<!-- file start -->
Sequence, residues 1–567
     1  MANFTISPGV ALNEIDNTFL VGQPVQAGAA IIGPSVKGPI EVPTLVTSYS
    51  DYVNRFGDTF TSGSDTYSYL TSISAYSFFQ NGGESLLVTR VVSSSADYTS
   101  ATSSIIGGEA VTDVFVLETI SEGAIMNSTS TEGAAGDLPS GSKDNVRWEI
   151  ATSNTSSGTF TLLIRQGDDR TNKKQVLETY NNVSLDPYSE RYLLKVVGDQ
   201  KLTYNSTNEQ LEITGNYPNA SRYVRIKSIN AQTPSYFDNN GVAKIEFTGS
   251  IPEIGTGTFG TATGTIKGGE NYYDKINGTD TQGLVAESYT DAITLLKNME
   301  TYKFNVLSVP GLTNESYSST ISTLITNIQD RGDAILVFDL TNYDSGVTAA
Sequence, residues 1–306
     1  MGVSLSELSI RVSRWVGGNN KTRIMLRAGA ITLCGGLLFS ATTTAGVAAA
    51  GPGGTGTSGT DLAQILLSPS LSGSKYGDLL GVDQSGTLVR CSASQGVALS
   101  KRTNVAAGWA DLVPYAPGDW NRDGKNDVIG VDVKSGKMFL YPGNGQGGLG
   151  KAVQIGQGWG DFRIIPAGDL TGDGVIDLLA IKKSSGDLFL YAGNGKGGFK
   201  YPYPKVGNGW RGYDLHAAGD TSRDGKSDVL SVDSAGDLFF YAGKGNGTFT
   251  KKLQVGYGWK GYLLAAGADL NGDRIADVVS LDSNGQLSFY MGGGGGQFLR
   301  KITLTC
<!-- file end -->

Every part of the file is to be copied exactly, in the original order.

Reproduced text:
Sequence, residues 1–567
     1  MANFTISPGV ALNEIDNTFL VGQPVQAGAA IIGPSVKGPI EVPTLVTSYS
    51  DYVNRFGDTF TSGSDTYSYL TSISAYSFFQ NGGESLLVTR VVSSSADYTS
   101  ATSSIIGGEA VTDVFVLETI SEGAIMNSTS TEGAAGDLPS GSKDNVRWEI
   151  ATSNTSSGTF TLLIRQGDDR TNKKQVLETY NNVSLDPYSE RYLLKVVGDQ
   201  KLTYNSTNEQ LEITGNYPNA SRYVRIKSIN AQTPSYFDNN GVAKIEFTGS
   251  IPEIGTGTFG TATGTIKGGE NYYDKINGTD TQGLVAESYT DAITLLKNME
   301  TYKFNVLSVP GLTNESYSST ISTLITNIQD RGDAILVFDL TNYDSGVTAA
Sequence, residues 1–306
     1  MGVSLSELSI RVSRWVGGNN KTRIMLRAGA ITLCGGLLFS ATTTAGVAAA
    51  GPGGTGTSGT DLAQILLSPS LSGSKYGDLL GVDQSGTLVR CSASQGVALS
   101  KRTNVAAGWA DLVPYAPGDW NRDGKNDVIG VDVKSGKMFL YPGNGQGGLG
   151  KAVQIGQGWG DFRIIPAGDL TGDGVIDLLA IKKSSGDLFL YAGNGKGGFK
   201  YPYPKVGNGW RGYDLHAAGD TSRDGKSDVL SVDSAGDLFF YAGKGNGTFT
   251  KKLQVGYGWK GYLLAAGADL NGDRIADVVS LDSNGQLSFY MGGGGGQFLR
   301  KITLTC